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Section 420 IPC - Cheating Case Liable To Be Quashed If No Allegation Of Dishonest Inducement Is Made Against Accused: Supreme Court

Ashok KM
11 May 2022 8:04 AM GMT
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The Supreme Court observed that, to make out a case against a person for the offence under Section 420 of the Indian Penal Code, there must be a dishonest inducement to deceive a person to deliver any property to any other person.

In this case, the complainant lodged a complaint against one Kamalesh Mulchand Jain (husband of Rekha Jain), alleging, inter­alia, that by misrepresentation, inducement and with an intention to cheat him, the said Kamalesh Mulchand Jain had taken away 2 kg and 27 grams of gold jewellery. FIR was registered for the offence under Section 420 of Indian Penal Code (IPC). During the course of the investigation, it was found that Rekha Jain, the wife of the accused was absconding and the gold jewellery, taken away from the original complainant by her husband – Kamalesh Mulchand Jain, was with her, therefore, the investigation was carried out against her also. Rekha Jain approached the Karnataka High Court by way of a petition under section 482 of Cr.PC to quash the FIR against her for the offence under Section 420 of IPC. The High Court refused to quash the criminal proceedings/FIR and thus she approached the Apex Court.

Before the Apex Court, Rekha Jain contended that when there are no allegations of inducement by her, it cannot be said that she has committed any offence as alleged for the offence under Section 420 of IPC. The State opposed the appeal contending that Rekha Jain was found to be in possession of the gold jewellery, which was taken away from the complainant.

Referring to the complaint and FIR, the bench noted that the entire allegations are against the accused Kamalesh Mulchand Jain and there are no allegations whatsoever to the effect that the accused ­ Rekha Jain induced the complainant to part with the gold jewellery.

"As per Section 420 of IPC, whoever cheats and thereby dishonestly induces the person deceived to deliver any property to any person, can be said to have committed the offence under Section 420 of IPC. Therefore, to make out a case against a person for the offence under Section 420 of IPC, there must be a dishonest inducement to deceive a person to deliver any property to any other person. In the present case, there is no allegation at all against accused – Rekha Jain of any inducement by her to deceive and to deliver the gold jewellery. The allegations of dishonest inducement and cheating are against her husband – accused – Kamalesh Mulchand Jain. Therefore, considering the allegations in the FIR/complaint as they are, and in the absence of any allegation of dishonest inducement by Rekha Jain, it cannot be said that she has committed any offence under Section 420 of IPC for which she is now chargesheeted"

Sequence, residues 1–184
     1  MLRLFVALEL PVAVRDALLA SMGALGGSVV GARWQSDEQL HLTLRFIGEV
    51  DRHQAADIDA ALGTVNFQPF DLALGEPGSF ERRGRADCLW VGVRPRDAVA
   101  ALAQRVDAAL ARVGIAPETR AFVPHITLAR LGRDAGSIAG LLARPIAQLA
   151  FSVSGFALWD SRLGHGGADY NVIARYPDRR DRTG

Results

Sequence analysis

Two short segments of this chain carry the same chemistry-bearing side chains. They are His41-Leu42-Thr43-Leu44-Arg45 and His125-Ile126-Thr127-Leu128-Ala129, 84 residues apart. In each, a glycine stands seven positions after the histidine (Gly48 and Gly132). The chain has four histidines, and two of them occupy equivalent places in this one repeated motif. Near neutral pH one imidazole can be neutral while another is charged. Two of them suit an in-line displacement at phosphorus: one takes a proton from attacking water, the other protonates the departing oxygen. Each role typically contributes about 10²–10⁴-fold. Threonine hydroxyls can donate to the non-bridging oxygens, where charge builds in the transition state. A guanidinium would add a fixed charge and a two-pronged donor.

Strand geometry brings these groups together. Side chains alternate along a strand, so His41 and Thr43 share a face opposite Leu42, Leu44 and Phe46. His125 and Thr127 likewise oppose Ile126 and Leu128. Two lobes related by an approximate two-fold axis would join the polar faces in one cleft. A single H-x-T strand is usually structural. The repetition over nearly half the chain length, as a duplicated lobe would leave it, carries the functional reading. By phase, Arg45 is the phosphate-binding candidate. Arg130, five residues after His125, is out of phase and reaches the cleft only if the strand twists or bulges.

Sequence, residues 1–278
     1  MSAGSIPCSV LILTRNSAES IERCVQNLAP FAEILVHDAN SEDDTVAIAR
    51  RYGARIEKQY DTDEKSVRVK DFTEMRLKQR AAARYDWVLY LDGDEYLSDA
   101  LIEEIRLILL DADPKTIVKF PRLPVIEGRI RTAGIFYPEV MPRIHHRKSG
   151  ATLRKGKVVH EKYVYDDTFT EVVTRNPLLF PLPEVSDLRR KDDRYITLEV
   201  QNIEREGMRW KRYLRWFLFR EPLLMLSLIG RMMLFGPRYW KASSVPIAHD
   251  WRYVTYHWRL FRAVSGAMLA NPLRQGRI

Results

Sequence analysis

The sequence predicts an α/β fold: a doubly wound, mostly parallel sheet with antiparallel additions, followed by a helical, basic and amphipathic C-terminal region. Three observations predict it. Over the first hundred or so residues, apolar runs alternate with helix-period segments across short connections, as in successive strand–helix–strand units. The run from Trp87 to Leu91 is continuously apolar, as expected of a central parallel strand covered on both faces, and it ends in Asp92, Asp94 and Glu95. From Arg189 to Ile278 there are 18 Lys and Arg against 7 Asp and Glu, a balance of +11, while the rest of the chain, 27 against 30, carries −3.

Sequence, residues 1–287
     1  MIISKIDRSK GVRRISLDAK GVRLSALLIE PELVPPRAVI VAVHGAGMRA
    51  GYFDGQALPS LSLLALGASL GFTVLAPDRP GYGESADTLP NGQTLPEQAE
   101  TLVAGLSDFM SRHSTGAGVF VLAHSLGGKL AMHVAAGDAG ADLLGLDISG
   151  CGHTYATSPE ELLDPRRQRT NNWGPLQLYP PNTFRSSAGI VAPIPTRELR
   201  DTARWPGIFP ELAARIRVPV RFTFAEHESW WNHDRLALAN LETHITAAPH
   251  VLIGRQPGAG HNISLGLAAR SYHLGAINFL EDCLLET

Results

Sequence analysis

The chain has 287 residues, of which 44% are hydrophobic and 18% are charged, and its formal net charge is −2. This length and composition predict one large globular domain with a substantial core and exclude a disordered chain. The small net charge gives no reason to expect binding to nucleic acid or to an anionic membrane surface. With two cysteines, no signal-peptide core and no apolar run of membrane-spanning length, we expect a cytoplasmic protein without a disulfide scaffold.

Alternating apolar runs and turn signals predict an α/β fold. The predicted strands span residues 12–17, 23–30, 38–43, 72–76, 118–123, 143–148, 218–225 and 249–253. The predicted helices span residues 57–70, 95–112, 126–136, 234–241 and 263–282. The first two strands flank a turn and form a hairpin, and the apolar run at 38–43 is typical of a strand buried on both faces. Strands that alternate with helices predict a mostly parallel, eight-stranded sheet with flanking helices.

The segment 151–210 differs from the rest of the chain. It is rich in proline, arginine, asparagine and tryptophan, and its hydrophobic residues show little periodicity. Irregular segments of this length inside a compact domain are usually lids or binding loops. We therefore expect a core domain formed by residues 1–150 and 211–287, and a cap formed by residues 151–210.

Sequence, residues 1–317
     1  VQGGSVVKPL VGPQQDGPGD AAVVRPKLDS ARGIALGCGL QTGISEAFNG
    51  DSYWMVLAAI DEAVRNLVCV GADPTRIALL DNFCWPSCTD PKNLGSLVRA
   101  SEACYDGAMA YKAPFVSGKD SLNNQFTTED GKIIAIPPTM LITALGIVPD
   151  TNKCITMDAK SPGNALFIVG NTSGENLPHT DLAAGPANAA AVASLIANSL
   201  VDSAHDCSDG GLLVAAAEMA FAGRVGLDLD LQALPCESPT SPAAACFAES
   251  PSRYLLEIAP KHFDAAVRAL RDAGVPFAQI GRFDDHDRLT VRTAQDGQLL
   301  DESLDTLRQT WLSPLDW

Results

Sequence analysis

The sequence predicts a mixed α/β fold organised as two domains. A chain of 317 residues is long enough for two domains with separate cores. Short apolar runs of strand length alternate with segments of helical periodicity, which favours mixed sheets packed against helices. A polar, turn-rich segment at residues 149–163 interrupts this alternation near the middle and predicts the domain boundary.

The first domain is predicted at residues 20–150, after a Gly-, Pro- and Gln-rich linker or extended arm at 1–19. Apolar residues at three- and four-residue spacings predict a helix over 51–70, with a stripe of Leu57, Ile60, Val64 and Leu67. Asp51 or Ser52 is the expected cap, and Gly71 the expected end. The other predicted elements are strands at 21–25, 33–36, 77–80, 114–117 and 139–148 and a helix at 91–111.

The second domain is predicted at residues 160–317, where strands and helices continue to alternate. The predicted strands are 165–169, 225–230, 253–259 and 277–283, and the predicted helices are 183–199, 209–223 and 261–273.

Allowing the appeal, the court observed that the High Court should have exercised its powers under Section 482 of Cr.PC to quash the criminal proceedings against Rekha Jain for the offence under Section 420 of IPC.

Case details

Rekha Jain vs State of Karnataka | 2022 LiveLaw (SC) 468 | CrA 749 OF 2022 | 10 May 2022

Coram: Justice MR Shah and BV Nagarathna

Headnotes

Indian Penal Code, 1860 ; Section 420 - To make out a case against a person for the offence under Section 420 of IPC, there must be a dishonest inducement to deceive a person to deliver any property to any other person. (Para 8)

Click Here To Read/Download Judgment





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